Sunday, February 11, 2007

Blind Ambition

For someone who enjoys wine and who is not a professional taster, there is no more humbling experience than tasting wines blind and having to identify them. Unless you have that invaluable trait, an ability to laugh at yourself, it can be downright humiliating.

I have done blind tastings before, though usually with some context. For example, I once did a pinot noir tasting of wines from different countries and did OK, sort of. And, I did a tasting of cabernets vs. Bordeaux reds and was able to correctly identify two wines, including a Mouton Rothschild.

But, as I said, there was some context -- I knew we were tasting cab-based wines or pinot noirs from around the world. Kathy and I went to a charity winetasting on Saturday night, and every table of wines included a "mystery" bottle. Tasters were not necessarily expected to shout out identifications, but I took this as a personal challenge -- and failed miserably.

At one table, I tasted a very prune-like, raisiny full-bodied wine so I guessed I was tasting an Amarone -- it was a 2004 Bargeton Chateauneuf-du-pape. I didn't get any of the spicy earthiness I've noted in other Chateauneufs, but no sense grumbling about it.

At the next table, I struck out again, mistaking a delightfully fruity cab for a zinfandel. I just didn't notice the structure, cassis and cedar I expect from many cabs. But what kept me from having a good time at this table was the horrified expressions and groans of the pourer, who greeted my comments with thinly veiled incredulity. The 2002 Bennett Cabernet Reserve was nice, just not typically cab-like, Scheisskopf!

At the next table, we tasted several Chilean and Argentinian wines, and the mystery wine was also a Chilean -- I did not feel bad about not getting this one. To identify a wine you have to have tried it or something like it more than once. This mystery wine, a 2005 Inaki Reserve, a blended wine that leans heavily on malbec, was absolutely sensational, by the way. A terrific buy at $19.

I came closest to getting the next one right -- I actually thought I was tasting a zinfandel but changed my mind at the last minute when I thought I picked up a bit of black pepper. California syrah was my guess, but it was a Rosenblum zinfandel.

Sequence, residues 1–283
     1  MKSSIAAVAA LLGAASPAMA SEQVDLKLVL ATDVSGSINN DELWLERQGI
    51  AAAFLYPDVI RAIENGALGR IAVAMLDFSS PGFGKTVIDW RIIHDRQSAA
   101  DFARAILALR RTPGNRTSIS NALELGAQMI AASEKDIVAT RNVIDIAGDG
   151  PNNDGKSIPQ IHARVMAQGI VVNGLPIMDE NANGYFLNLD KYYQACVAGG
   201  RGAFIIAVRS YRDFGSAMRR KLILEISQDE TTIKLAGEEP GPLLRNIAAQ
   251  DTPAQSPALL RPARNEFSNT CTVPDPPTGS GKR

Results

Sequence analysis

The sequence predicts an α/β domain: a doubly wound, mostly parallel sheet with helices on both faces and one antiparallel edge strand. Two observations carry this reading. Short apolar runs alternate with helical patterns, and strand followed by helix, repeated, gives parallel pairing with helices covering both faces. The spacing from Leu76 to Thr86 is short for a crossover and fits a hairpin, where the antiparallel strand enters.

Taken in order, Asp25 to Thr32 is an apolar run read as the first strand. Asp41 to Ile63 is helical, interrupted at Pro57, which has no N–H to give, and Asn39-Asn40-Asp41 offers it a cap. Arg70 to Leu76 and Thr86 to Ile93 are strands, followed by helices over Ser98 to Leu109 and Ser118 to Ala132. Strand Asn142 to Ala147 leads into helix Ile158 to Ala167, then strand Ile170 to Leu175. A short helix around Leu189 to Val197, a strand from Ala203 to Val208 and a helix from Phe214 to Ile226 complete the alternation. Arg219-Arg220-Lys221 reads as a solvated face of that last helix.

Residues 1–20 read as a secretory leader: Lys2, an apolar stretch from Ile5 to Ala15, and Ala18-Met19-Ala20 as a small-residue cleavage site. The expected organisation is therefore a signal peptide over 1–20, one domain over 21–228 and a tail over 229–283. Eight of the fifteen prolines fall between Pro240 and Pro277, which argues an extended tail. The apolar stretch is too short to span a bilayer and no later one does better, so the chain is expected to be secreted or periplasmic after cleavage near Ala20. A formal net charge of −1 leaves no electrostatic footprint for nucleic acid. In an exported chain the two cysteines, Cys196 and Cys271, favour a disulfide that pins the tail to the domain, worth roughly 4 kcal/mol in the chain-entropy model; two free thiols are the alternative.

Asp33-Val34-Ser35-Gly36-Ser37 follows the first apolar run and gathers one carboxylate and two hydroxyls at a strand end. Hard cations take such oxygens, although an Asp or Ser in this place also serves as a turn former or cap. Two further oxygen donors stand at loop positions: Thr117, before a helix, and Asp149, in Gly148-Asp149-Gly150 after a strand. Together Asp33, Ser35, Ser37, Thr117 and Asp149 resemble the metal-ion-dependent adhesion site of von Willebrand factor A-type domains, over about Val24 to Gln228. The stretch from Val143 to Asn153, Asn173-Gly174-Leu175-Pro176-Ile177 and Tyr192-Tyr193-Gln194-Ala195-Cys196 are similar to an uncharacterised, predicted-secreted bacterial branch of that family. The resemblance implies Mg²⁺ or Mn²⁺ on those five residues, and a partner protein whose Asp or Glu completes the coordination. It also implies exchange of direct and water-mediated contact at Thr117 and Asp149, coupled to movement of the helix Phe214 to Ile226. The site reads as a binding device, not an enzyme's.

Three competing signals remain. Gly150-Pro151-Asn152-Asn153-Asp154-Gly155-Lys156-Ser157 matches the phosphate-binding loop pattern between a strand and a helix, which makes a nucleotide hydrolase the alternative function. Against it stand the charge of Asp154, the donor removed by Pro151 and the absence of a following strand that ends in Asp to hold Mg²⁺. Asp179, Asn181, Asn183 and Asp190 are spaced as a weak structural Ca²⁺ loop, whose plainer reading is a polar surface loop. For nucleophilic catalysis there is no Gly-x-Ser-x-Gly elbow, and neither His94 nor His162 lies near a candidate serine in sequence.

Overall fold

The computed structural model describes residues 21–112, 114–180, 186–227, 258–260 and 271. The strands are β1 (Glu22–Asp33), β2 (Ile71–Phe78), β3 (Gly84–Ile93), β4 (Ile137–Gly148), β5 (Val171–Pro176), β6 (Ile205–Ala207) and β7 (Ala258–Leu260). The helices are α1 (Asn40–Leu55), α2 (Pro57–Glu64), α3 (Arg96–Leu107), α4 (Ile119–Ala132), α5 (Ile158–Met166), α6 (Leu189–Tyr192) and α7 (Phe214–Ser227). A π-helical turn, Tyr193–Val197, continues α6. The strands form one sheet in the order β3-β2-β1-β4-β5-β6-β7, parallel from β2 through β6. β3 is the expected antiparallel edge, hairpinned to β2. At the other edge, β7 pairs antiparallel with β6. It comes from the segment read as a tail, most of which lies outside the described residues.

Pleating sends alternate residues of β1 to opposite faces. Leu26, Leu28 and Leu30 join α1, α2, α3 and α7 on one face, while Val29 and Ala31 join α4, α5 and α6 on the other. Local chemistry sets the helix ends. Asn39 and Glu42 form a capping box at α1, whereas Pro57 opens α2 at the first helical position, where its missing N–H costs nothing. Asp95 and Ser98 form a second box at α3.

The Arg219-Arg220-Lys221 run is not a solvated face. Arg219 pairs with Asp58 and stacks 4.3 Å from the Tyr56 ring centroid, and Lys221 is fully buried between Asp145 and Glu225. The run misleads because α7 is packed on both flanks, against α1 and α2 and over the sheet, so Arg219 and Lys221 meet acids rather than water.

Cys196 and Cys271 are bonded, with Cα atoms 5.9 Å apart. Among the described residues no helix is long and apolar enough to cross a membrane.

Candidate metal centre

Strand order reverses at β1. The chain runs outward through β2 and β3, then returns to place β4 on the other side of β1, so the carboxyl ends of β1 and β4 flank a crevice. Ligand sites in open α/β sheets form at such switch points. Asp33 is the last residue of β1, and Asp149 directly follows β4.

We finished up at a table featuring all Italian wines, so here, at last, was some context. I figured the mystery wine had to be a premium Italian, judging by the body and the earthiness. So I thought Barolo or Barbaresco. Wrong. It was an atypical Barbera, a Poggio Masarej Barbera. Now this was really tricky because the first wine on the table was a typically light, acidic Barbera. But this one was big -- I've blogged before about some of the muscular Barberas that are being made today. Terrific wines, but not what you would expect from Barbera unless you taste a lot of them. So, tasting a wine like this blind obviously is meant to be a fun eyeopener because it goes against type and can easily lead one astray.

So, after failing so miserably, does that mean I'd recommend avoiding blind tastings? Absolutely not. They can be fun and are almost always educational. But tasting blind with absolutely no context or guidance is the least meaningful kind of blind tasting. Heavy emphasis on the guesswork. But comparing wines blind of the same varietal or country of origin can teach you a lot. Just don't be cowed by an obnoxious pourer. Like Alex Trebek, they have all the answers and are irrelevent.


Anonymous Anonymous said...

Hey there cousin ... I'm very impressed with your blogger. Good job ... and quite informative, too. One can never know too much about good wines.


6:20 PM  
Blogger JD said...

You got that right. Hope you're able to find some good things up there to help with those cold, snowy nights.

7:46 PM  
Blogger Joe said...

Blind tasting is humbling, but fun. And the more you do the better you get at it. We do most of our tastings blinded to remove the inevitable bias we all bring to various grapes, winemakers and regions. Cheers!

11:37 PM  
Blogger JD said...

Joe, good for you. I agree blind tastings are a great way to learn, and fun when everyone's in the same boat. But I learned some time ago from our little tasting group that most of them prefer not to go blind. I think many people feel intimidated and on edge, rather than relaxing and having fun. So our group seldom does blind tastings. I may have to convene a "special" group sometime of more adventurous tasters.

8:05 PM  

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